Morning notes: The Mariner menace looms

Morning notes: The Mariner menace looms
An ethical egoist who believes in the virtue of selfishness, and A.J. Pierzynski // Scott Strazzante, Tribune Photo

The White Sox were swept by the Royals, and responded by sweeping the Yankees.  With that, my general avoidance of individual game previews is validated.  The Sox are more likely to beat good teams than they are to beat bad teams, and more likely to beat bad pitchers than they are to beat good pitchers.  There are some particular matchup issues to explore from there on out, but after that it's mostly just intense amounts of variance.

This weekend, the Seattle Mariners come to town.  The Mariners have won their last eight games, they've been 25-13 since the All-Star Break.  That's fearsome.  They're also 4-21 agains the White Sox since 2010; that's a lot more cuddly.  Which element is most relevant for a preview of a small set of games?

Well, what's made the Mariners so much better?  Part of it is Felix Hernandez, who has been wanted for murder since the All-Star break (1.41 ERA in eight starts)--he won't be pitching this weekend.  Part of it is the Mariners finally realizing they should play John Jaso instead of Miguel Olivo.  Jaso is an offense-first catcher with OBP skills, Olivo makes A.J. Pierzynski look nimble and hits like Danny Richar, so John doesn't even have to continue to hit his post-All-Star break .329/.476/.566 to be a huge upgrade.

The other big sources of improvement are a streak of Jason Vargas avoiding home runs and Eric Thames hitting for average despite striking out 30% of the time.  Jaso's a very nice player, and but it'll take more than him to make the Mariners scary, or particularly amenable to playing in U.S. Cellular Field.  The day of an .840 winning percentage against them may not last, though.

Attendance

The attendance has become a new hot-button issue since the White Sox failed to crack 30,000 during the entire Yankees series.

Piggybacking on ideas already introduced by Tom FornelliJim Margalus, and Brett Ballantini, the causes can be reduced to...

  • It's a small fan base
  • The White Sox are hardly setting up a buyer's market with their prices for the Yankees, and other premier series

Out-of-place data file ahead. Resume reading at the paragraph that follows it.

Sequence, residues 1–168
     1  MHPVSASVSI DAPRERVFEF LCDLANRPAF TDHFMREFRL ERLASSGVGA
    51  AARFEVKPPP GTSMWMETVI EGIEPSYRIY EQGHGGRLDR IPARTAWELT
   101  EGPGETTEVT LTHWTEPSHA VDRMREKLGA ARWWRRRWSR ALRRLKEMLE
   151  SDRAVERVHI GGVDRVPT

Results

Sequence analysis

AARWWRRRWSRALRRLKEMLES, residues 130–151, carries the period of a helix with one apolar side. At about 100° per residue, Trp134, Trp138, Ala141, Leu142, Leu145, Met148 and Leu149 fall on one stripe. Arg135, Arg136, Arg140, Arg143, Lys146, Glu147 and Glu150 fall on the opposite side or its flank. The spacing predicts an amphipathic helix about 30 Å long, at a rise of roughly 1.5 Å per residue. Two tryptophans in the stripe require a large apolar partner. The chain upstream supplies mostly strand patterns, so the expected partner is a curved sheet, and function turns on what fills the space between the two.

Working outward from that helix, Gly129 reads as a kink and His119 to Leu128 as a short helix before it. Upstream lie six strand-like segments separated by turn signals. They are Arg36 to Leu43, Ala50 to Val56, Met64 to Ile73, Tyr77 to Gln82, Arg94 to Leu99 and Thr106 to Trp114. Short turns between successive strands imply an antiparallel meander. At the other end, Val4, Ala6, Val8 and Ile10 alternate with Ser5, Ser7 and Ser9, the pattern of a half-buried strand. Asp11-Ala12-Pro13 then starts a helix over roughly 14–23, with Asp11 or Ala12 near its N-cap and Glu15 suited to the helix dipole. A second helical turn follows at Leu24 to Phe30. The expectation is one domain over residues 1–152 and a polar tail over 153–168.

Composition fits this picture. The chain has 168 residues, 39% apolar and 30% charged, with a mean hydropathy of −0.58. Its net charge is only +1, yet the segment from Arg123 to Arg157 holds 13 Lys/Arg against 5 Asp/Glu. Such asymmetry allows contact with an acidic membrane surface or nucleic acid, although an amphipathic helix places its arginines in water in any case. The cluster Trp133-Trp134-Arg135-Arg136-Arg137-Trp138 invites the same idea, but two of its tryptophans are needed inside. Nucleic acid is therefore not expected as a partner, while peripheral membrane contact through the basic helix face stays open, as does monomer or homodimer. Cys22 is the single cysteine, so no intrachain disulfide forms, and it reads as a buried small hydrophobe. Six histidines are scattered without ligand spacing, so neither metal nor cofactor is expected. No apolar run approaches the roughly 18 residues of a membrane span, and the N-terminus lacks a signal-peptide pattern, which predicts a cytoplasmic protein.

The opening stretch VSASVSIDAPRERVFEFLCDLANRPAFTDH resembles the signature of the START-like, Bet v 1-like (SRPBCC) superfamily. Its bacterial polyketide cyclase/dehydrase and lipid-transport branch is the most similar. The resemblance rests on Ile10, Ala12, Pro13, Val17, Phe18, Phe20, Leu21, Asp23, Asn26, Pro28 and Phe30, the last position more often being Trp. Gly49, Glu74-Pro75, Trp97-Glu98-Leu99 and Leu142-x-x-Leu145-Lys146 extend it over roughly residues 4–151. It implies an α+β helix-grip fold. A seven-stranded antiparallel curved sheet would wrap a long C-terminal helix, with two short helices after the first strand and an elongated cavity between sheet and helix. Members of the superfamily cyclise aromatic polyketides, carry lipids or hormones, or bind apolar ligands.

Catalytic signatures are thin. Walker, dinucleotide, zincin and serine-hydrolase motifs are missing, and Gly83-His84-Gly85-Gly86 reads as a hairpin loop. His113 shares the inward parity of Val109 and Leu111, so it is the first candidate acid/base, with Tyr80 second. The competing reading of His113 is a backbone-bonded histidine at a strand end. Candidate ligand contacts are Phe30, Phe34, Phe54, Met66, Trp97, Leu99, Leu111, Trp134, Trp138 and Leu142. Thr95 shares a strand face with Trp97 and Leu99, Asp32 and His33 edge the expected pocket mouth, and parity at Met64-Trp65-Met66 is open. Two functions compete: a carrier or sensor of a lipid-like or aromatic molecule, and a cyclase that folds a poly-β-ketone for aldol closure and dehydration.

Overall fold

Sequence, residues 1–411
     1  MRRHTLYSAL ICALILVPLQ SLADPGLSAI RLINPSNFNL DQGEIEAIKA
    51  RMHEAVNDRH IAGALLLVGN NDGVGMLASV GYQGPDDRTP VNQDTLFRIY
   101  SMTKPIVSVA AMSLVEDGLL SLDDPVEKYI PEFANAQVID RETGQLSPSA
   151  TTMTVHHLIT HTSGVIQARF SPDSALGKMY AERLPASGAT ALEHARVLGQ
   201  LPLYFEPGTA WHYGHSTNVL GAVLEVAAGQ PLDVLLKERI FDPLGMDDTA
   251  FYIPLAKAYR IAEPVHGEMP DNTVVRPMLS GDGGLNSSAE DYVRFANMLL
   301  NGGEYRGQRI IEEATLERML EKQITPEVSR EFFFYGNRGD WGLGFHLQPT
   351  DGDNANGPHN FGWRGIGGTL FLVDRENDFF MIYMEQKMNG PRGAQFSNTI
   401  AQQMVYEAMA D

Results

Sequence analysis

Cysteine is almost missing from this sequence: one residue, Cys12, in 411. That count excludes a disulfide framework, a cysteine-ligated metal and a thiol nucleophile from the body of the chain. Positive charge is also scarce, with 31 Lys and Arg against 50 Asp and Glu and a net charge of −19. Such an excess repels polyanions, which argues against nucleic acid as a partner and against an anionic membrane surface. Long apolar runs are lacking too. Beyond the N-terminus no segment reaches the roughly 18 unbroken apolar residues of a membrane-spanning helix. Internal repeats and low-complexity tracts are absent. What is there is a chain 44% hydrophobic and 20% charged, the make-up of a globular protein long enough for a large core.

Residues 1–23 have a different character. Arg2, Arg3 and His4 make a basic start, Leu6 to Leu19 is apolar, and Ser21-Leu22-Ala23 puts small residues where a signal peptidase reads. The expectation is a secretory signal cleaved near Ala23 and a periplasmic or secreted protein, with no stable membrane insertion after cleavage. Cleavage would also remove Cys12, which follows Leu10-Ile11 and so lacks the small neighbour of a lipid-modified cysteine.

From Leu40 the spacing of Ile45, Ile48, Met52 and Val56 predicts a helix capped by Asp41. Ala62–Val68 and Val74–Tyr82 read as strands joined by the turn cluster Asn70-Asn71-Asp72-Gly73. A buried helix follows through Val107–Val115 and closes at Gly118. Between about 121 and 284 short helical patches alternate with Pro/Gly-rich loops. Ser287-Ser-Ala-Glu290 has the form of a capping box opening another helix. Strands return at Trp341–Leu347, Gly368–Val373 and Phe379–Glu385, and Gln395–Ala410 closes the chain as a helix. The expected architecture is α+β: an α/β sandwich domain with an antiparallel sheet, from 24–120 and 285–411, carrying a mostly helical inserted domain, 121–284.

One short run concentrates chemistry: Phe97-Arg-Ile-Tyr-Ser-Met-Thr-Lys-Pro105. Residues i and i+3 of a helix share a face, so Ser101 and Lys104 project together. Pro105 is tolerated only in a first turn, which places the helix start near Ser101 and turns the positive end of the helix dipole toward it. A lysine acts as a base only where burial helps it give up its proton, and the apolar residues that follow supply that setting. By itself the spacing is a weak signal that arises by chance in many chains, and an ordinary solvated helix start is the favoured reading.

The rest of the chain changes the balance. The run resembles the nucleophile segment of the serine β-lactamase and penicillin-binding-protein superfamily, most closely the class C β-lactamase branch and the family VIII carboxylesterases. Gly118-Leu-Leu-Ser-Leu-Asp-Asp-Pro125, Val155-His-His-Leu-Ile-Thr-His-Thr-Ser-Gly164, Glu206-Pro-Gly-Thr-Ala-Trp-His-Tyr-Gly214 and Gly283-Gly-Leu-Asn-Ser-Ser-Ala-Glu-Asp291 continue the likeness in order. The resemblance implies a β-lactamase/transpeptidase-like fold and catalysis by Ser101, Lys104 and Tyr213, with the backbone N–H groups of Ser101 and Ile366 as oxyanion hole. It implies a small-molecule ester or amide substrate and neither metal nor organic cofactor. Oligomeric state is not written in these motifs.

• The combination of the 2011 season and rebuilding-lite off-season killed the pre-season ticket buzz

The first point should be reiterated whenever surprise is registered that the White Sox are failing to break the top upper half of MLB attendance rankings when they never really have drawn at such a rate.  The second point should be reiterated for any underwhelming returns for premier-priced games, and remember that if the White Sox were really driven into a deep crisis by the former (attendance), the reaction would be in the latter (prices).
The type of person who runs their business at a deficit is not the type who comes to own a baseball franchise in the first place, and even such a person would know that framing a failure to sell their product as 'a result of the consumer being cheap', is getting the whole 'supply and demand' thing reversed.
Pre-season restraint revisited
With the last month and change of a fitful playoff race awaiting, Mark Gonzales called upon Paul Konerko to reconsider his comments from SoxFest that the season could be a success without a playoff berth.  Gonzales found an ally in Jake Peavy for the cause that the proximity to a division title and the difficult contract situations of multiple veterans might have changed things.
But Konerko's not budging.

"I just said if we didn't make it, there was a lot of stuff that could happen to deem it a successful year, and I still feel that. Of course, you want to do more. That's not backing off of what I said. I thought that then. I think it now."

And good on Paulie.  Not making the playoffs doesn't undo this season's purging of clubhouse discord, a renewed focus on intangibles like outfield relays, infield practice, and controlling the running game that previously only received lip service, and the resuscitation of players previously thought to be sunk costs.  That stuff has as much to do with 2013 being a success as making the playoffs in 2012 does.
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